Teams from both the European and Asian editions of FoodNavigator are on the ground at Gulfood 2013 in Dubai, a food, processing, packaging and ingredients show which, according to its blurb, claims to be the biggest in the world.
And given the sheer mass of delegates and exhibitors present, it’s hard to doubt this—even though other shows might well refute the claims.
Taking place at the city’s World Trade Centre, the scale of this event is immense. We’re sure we will be given the final tally of exhibitors and footfall in due course, but for the time being the venue feels more akin to the Olympic stadium in London last August than to a food trade show.
So why is it so popular? On a macro level, the UAE—of which Dubai is the commercial centre—has done a fantastic job to present itself as a business hub for a wide range of industries. This has been the plan ever since the country federated in 1971; back then Dubai’s ruler, Sheikh Rashid, worked hard to build up a business and free-zone infrastructure that would make the city extremely tempting for global businesses to base their regional headquarters here.
But as far as the industry is concerned, the more cities like Dubai, Abu Dhabi, Riyadh and Jeddah in Saudi, Qatar’s Doha—likely to be the richest place on earth—and other states like Bahrain, Qatar and Kuwait grow, the wider their tastes become and the more they need distribution channels.
Regional shows like Gulfood are all about distribution and marketing. Like India and China, the Middle East is in the process of a gold rush, meaning that companies want to tackle this market head-on. And, on the whole, the Gulf is wealthy, so that means premium players and innovators want a slice of the pie.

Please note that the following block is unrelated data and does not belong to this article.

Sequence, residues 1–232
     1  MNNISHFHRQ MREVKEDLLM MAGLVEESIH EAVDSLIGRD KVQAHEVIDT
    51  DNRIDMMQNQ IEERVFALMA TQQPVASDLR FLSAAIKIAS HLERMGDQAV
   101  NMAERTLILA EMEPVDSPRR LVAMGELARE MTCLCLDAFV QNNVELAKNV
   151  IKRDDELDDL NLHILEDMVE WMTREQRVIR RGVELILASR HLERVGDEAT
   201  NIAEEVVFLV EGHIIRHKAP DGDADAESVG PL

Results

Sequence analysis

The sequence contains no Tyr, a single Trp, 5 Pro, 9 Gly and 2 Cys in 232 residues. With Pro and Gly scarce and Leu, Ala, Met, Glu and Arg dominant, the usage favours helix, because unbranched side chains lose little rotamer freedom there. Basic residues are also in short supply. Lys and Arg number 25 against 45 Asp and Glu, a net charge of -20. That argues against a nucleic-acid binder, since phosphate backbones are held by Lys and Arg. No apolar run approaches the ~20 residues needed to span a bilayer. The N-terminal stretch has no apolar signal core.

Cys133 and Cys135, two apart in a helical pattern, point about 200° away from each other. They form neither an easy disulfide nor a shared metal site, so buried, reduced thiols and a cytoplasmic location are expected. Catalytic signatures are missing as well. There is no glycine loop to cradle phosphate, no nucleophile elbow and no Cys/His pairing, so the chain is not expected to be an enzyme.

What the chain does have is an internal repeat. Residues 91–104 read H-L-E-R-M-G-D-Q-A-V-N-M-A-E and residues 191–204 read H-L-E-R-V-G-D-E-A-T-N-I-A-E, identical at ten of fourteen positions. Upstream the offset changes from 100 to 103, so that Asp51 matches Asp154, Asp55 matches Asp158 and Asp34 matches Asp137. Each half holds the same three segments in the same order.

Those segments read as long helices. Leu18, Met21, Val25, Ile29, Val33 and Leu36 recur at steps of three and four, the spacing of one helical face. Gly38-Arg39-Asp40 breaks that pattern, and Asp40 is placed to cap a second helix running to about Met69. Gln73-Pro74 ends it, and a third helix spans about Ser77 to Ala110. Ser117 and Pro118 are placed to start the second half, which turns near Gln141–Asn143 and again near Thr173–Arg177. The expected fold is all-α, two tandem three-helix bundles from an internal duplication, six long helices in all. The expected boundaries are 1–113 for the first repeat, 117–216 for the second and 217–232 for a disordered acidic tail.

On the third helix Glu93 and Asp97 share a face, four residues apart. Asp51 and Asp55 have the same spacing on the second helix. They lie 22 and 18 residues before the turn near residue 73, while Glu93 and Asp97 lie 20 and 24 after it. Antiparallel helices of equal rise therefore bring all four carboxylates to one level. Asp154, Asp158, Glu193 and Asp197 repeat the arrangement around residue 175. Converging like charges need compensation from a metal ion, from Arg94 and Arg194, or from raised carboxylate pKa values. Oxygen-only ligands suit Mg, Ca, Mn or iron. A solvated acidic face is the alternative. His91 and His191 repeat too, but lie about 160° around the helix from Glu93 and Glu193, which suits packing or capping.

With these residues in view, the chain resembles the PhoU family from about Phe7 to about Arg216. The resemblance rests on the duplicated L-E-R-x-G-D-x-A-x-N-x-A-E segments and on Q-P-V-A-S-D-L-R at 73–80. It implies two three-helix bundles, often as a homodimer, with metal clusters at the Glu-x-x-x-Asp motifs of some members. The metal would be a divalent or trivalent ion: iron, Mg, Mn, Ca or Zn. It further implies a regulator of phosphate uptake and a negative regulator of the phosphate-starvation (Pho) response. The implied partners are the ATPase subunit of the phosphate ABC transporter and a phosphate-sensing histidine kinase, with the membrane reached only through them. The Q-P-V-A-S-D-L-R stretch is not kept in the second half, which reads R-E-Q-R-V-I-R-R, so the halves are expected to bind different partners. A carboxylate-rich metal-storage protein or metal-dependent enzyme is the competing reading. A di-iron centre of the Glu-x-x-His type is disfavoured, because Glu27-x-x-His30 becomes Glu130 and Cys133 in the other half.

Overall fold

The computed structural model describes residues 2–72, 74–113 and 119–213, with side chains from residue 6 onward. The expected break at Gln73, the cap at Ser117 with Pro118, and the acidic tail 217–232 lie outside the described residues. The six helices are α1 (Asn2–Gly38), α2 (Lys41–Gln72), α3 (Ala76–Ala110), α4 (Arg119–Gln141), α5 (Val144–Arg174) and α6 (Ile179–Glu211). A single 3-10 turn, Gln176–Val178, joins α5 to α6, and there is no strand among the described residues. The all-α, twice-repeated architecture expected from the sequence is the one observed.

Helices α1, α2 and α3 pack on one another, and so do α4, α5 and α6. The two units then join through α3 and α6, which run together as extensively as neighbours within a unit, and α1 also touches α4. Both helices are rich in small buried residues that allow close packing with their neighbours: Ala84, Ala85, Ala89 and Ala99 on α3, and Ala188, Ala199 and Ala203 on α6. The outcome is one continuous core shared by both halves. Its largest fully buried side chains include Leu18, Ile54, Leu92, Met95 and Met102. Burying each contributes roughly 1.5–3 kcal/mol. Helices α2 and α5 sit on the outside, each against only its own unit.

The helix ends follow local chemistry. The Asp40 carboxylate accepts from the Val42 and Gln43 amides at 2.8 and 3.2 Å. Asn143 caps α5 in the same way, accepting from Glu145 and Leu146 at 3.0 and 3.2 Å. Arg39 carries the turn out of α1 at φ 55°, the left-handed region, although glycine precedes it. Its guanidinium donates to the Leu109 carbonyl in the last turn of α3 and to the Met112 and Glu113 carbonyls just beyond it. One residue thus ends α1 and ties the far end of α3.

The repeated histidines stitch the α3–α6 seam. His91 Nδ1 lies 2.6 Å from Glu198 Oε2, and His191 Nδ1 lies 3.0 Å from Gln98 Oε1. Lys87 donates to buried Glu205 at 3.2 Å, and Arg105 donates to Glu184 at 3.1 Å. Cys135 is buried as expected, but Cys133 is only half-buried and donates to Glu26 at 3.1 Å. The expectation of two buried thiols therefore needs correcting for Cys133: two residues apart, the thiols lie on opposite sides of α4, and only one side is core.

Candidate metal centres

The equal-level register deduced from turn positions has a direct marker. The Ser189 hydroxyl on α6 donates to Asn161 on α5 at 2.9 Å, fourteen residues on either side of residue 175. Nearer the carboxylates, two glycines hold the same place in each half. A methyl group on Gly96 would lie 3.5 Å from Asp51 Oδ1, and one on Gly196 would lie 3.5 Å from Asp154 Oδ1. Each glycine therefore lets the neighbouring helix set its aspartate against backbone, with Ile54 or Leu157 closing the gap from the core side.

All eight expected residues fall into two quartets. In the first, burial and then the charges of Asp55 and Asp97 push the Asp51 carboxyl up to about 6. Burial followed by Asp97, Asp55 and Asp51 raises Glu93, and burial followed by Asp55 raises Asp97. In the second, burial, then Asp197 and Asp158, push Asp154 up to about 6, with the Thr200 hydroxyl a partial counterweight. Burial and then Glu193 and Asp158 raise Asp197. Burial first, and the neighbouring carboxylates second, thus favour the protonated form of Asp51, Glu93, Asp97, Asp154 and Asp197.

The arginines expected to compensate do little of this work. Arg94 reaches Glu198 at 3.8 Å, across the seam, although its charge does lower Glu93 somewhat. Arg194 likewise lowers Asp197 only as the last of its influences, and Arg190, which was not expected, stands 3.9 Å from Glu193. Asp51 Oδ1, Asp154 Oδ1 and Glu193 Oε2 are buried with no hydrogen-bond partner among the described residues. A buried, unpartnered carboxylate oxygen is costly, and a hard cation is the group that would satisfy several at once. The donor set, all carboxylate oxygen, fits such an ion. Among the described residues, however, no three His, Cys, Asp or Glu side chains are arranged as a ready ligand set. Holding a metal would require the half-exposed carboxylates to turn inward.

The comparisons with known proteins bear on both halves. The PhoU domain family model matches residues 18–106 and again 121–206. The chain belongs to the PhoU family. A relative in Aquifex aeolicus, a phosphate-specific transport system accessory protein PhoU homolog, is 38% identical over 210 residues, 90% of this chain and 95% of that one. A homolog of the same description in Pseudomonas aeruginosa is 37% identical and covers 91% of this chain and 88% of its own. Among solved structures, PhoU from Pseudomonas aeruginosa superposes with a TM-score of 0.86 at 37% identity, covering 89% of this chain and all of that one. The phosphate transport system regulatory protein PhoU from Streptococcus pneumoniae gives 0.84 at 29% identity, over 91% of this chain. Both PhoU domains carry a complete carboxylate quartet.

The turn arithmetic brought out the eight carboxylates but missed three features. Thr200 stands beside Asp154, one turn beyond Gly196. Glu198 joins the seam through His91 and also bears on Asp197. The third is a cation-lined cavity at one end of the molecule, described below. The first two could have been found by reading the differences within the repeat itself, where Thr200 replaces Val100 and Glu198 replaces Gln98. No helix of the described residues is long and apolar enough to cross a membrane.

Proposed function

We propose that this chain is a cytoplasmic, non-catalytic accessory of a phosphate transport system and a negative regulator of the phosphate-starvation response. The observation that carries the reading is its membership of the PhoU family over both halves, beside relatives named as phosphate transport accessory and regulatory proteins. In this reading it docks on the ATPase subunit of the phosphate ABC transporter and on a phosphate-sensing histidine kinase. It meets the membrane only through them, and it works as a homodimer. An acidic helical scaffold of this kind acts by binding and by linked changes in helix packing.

There is very little representation by local producers at the show. Aside from the big Saudi players like Sadia, the poultry producer, few companies base their production in this region for obvious regions like climate and conditions.
Instead, companies from Europe, the Americas—Brazil and Argentina have a big presence as massive trading partners for the region—and Asia-Pacific companies are here to find local distributors as they develop their supply channels.
The talk is not about innovation, but acquisition and partnership. Indeed, it quickly becomes apparent, as one wades through the mass of people and the forest of stands, that many company representatives seem completely unaware about the formulation of their products, although they know their business’s growth plan in depth.
This is very interesting for an observer who has witnessed a number of trade shows around the Asia-Pacific region, where innovation and supply come to the fore. We will keep you updated on show developments over the next couple of days.